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Birth Calling Me

I have always loved babies. Even as a young girl, whenever I was around a baby I would ache to hold them. Even so, this path of serving Birth and Babies took its time unfolding.

When I graduated high school, and people asked what I was going to do with my life, I told them that I was going to study Medicine. When they asked why, I would say, "Because I love people, and the human body amazes me."

I started college taking "pre-med" classes, and became an EMT. While working on the ambulance, I learned that I didn't want to be a doctor. I didn't want their life or job. They were uncannily busy, with little time to spend on any one patient, and when they did spend time, it was often necessary for another professional (usually the nurse) to come and decode the conversation that had happened. I couldn't see myself in the role.

And so, I mused about other fields for a while... Physical Therapist, Occupational Therapist... My mother, herself a NICU nurse, kept her mouth shut for what must have seemed like ages, until one day the moment arrived when she felt inspired to ask, "What about nursing?"

She noted that being a nurse seemed to fit all the things I was looking for. Immersion in knowledge of the human body, more time with patients, flexibility, travel possibility...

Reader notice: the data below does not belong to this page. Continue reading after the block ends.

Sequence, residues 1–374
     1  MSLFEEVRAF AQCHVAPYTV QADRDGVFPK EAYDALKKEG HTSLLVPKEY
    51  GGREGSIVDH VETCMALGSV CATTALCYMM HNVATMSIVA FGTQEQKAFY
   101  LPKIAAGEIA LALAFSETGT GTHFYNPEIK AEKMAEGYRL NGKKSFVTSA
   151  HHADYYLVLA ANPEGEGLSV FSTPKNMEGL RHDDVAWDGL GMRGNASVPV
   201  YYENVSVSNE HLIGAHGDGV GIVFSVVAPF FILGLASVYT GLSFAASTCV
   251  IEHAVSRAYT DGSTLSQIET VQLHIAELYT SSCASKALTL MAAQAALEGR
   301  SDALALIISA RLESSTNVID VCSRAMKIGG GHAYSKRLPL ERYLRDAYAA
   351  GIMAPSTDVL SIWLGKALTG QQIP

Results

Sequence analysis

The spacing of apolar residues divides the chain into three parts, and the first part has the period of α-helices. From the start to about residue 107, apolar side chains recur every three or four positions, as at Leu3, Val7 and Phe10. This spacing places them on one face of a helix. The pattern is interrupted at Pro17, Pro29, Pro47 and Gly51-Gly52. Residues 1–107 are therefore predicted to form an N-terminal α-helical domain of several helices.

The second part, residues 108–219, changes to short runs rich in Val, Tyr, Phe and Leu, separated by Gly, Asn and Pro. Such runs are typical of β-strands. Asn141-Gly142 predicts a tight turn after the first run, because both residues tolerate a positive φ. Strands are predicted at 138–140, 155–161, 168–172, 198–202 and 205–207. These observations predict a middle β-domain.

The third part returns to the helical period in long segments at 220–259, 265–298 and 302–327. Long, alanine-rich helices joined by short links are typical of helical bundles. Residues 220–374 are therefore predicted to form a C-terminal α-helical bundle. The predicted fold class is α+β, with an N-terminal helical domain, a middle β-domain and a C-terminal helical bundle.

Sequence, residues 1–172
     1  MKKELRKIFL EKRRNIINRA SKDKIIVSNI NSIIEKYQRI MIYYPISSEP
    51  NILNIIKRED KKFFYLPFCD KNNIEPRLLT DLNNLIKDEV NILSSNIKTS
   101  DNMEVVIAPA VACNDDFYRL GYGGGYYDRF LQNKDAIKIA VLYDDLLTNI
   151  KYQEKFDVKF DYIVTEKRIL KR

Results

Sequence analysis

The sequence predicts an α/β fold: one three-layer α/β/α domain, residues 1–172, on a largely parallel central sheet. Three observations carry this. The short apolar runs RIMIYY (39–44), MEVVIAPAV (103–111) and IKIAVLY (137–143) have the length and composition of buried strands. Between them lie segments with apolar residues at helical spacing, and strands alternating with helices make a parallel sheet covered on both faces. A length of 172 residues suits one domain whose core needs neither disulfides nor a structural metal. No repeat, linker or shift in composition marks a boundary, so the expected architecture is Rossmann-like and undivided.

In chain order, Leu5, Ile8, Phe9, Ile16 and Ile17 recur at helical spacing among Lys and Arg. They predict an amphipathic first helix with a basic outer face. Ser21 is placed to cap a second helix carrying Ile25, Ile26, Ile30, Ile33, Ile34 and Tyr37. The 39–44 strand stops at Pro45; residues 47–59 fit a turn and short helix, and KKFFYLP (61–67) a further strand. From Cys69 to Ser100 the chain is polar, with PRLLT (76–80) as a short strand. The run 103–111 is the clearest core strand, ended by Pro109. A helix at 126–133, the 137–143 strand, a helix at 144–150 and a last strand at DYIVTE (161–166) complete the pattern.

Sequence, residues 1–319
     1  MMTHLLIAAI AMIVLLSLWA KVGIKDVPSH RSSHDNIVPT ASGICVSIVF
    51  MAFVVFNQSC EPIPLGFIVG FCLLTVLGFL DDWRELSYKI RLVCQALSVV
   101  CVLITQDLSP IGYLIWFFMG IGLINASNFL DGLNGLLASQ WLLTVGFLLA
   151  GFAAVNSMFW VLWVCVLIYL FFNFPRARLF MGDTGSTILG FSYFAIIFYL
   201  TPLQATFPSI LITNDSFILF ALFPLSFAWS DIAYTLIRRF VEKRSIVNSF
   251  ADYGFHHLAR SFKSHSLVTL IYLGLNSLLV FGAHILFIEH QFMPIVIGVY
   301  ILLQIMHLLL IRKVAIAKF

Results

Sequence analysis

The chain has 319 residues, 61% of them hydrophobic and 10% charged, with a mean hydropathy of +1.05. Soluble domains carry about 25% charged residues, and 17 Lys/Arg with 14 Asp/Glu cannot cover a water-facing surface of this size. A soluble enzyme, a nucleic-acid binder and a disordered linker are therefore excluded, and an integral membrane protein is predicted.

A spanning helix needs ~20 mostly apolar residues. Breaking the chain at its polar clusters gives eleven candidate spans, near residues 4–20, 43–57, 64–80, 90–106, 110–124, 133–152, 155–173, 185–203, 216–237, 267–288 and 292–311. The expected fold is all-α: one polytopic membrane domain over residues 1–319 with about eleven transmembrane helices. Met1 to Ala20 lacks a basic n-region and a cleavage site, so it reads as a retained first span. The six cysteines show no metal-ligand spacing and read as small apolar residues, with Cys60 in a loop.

I was accepted into the University of Washington School of Nursing the following year.

In nursing school, one might study medical-surgical nursing one quarter, pediatrics the next, and community nursing the following, etc. I enjoyed each specialty as it came along, and remember thinking, "How am I going to choose?"

My second to last quarter of nursing school was Maternity focused. I fell in Love.

When we started the book learning, I was hooked. When I saw birth for the first time, I was riveted. I was privileged to spend that quarter studying abroad in Costa Rica with a small group. I saw birth in a community hospital where the women labored together in a large room and then were wheeled across the hall to a cold, sterile room with a metal table for birth.

I saw birth in a private hospital that had a 70% C-Section rate. Costa Rica has universal health care, and there seemed to be a belief that if you were well off enough to pay for care, the technologies of Cesarean were the most desirable.

Regardless of set and setting, every birth I witnessed had, at least, a lingering moment of Magnificence. A moment where the world stopped and God entered the room, goopy and crying. And I was changed forever.

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